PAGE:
IIHS Advisories | No. 2, November 1987
Removing cosmetic repair parts has no effect on compliance, crash test shows
NOTE: This Advisory was published in November 1987, but the information about a 1987 crash test is relevant to the ongoing question about replacement hoods, fenders, quarter panels and other cosmetic parts — could cosmetic replacement parts from nonoriginal equipment manufacturers pose a safety hazard? All information in this 1987 Advisory still is accurate and relevant to the debate.
The cosmetic parts removed from the Escort for the test, as well as the replacement hood on the Escort during the test, are certified by the Certified Automotive Parts Association (CAPA), a nonprofit organization that independently tests and certifies the quality of parts used for auto body repairs. Part of the CAPA certification process insures that the same buckle points present in the car company hoods are present in the certified hoods. Otherwise, the parts that CAPA certifies are cosmetic body panels and are not safety-related parts. Parts that may come under (either directly or indirectly) the requirements of federal motor vehicle safety standards such as doors, lights, and bumpers currently are not certified by CAPA.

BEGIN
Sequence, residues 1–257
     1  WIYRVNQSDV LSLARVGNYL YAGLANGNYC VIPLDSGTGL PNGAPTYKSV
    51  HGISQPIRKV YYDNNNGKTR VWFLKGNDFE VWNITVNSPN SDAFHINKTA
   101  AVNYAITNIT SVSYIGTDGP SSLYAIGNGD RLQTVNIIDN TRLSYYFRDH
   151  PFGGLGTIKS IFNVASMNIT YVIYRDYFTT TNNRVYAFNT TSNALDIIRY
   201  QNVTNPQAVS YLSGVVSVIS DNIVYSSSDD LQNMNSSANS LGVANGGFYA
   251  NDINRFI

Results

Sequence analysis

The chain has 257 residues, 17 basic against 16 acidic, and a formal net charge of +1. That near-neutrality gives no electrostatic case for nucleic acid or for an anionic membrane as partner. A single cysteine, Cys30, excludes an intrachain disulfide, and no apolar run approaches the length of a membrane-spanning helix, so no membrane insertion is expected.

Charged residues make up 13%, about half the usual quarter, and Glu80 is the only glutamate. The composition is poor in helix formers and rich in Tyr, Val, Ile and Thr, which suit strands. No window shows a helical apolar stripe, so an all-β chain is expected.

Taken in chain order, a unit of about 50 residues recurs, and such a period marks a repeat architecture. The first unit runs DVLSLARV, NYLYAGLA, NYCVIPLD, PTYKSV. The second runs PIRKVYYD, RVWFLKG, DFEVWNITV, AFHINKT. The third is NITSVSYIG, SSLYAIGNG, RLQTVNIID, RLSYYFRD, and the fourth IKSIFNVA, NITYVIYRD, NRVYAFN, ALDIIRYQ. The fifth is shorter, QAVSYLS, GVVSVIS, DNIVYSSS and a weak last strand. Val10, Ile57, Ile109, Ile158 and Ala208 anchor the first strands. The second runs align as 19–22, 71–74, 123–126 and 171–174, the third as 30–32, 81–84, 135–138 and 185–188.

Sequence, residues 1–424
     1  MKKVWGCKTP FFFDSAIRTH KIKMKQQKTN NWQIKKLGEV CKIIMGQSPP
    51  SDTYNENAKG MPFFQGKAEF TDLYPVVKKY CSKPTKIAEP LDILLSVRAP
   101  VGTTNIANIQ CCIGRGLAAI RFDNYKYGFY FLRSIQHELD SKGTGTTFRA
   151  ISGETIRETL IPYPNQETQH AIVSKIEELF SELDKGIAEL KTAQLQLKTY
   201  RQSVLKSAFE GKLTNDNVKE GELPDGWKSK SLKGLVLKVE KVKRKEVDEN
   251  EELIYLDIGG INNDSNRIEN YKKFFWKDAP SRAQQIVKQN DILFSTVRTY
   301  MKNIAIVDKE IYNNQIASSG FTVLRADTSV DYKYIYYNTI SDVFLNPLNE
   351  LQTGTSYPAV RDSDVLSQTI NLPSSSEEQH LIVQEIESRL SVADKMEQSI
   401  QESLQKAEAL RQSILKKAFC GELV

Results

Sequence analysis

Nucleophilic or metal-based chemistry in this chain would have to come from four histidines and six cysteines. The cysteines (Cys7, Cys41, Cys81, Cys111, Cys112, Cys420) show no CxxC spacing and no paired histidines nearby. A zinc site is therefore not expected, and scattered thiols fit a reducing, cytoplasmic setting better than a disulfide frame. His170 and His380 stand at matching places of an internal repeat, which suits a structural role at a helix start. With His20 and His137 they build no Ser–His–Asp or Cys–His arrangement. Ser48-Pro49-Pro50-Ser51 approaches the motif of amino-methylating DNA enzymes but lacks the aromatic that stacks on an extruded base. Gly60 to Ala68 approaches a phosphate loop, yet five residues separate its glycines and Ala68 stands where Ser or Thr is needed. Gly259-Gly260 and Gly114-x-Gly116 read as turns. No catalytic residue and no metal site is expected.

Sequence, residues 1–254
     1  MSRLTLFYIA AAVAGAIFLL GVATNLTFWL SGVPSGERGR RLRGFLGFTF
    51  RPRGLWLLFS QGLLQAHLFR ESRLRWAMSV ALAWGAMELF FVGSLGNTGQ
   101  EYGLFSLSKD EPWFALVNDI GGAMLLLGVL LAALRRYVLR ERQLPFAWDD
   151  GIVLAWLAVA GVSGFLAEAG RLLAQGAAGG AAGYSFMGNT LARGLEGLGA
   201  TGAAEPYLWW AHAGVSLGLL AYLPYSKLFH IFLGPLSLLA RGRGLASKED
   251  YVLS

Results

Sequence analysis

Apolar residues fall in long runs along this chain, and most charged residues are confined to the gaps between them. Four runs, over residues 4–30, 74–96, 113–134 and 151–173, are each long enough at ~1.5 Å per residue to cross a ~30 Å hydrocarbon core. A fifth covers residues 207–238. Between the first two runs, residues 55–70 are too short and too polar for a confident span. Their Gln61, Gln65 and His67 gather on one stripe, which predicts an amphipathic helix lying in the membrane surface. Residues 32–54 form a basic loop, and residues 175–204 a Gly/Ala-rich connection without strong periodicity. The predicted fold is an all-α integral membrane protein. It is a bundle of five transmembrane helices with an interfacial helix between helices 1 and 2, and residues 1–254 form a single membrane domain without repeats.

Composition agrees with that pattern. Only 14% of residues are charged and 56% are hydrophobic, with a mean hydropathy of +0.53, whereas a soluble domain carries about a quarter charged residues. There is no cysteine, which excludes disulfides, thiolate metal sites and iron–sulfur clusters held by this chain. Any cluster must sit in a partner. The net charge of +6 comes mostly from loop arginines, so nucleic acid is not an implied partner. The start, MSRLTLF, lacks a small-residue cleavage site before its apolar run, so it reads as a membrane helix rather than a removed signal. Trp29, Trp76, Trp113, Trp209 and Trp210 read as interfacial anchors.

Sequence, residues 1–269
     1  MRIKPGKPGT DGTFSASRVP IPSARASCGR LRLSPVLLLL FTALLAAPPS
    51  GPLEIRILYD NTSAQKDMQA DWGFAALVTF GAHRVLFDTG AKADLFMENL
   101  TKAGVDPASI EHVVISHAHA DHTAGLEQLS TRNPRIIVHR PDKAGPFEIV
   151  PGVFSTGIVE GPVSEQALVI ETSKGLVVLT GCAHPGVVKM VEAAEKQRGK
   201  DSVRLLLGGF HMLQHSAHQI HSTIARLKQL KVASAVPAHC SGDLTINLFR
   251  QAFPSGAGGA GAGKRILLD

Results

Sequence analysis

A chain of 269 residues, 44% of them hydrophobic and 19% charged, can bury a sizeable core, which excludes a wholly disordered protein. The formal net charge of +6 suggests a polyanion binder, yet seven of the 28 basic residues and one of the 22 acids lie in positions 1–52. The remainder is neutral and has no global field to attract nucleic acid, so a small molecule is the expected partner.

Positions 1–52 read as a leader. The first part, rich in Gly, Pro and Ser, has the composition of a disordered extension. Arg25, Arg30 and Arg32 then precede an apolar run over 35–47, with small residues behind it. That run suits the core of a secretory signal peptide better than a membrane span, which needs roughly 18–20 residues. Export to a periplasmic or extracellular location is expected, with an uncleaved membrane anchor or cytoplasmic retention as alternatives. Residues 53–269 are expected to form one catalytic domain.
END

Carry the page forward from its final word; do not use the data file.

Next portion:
Car fenders, door panels, and other cosmetic repair parts used to be available only from automakers. Now they're being sold by other suppliers, and in this competitive market there's heated debate about the relative quality of parts from various sources. An important point of the debate involves safety — specifically, will using parts from suppliers other than original-equipment manufacturers affect compliance with federal motor vehicle safety standards?
It was on this question that the Insurance Institute for Highway Safety initially entered the debate, pointing out in an earlier Advisory (No. 1, January 1987) that there's no reason to believe — let alone assume — that cosmetic body parts significantly affect car crashworthiness. Parts like fenders, door panels, and grilles serve no structural or safety functions. They simply cover the car like a skin.
Still, the debate continues with a few auto manufacturers insisting that using competitive body parts may affect a car's compliance with federal crash test safety standards. With the possible exception of hoods, General Motors doesn't subscribe to this viewpoint. But other manufacturers including Nissan and Toyota do.
Crash test makes case — again
One way to address this issue, besides carefully explaining why cosmetic parts aren't safety-related, is to demonstrate the point. On August 26, 1987, the Insurance Institute for Highway Safety conducted a 30 mph front-into-barrier crash test of a 1987 Ford Escort to measure compliance with the federal motor vehicle safety standards (FMVSSs) that specify crash test requirements. The key to the test was this: The Escort was crashed without its front fenders, door panels, or grille. If compliance could be achieved without such parts, we reasoned, it would convincingly demonstrate that cosmetic parts — whether original-equipment or competitive — are irrelevant to meeting federal safety requirements.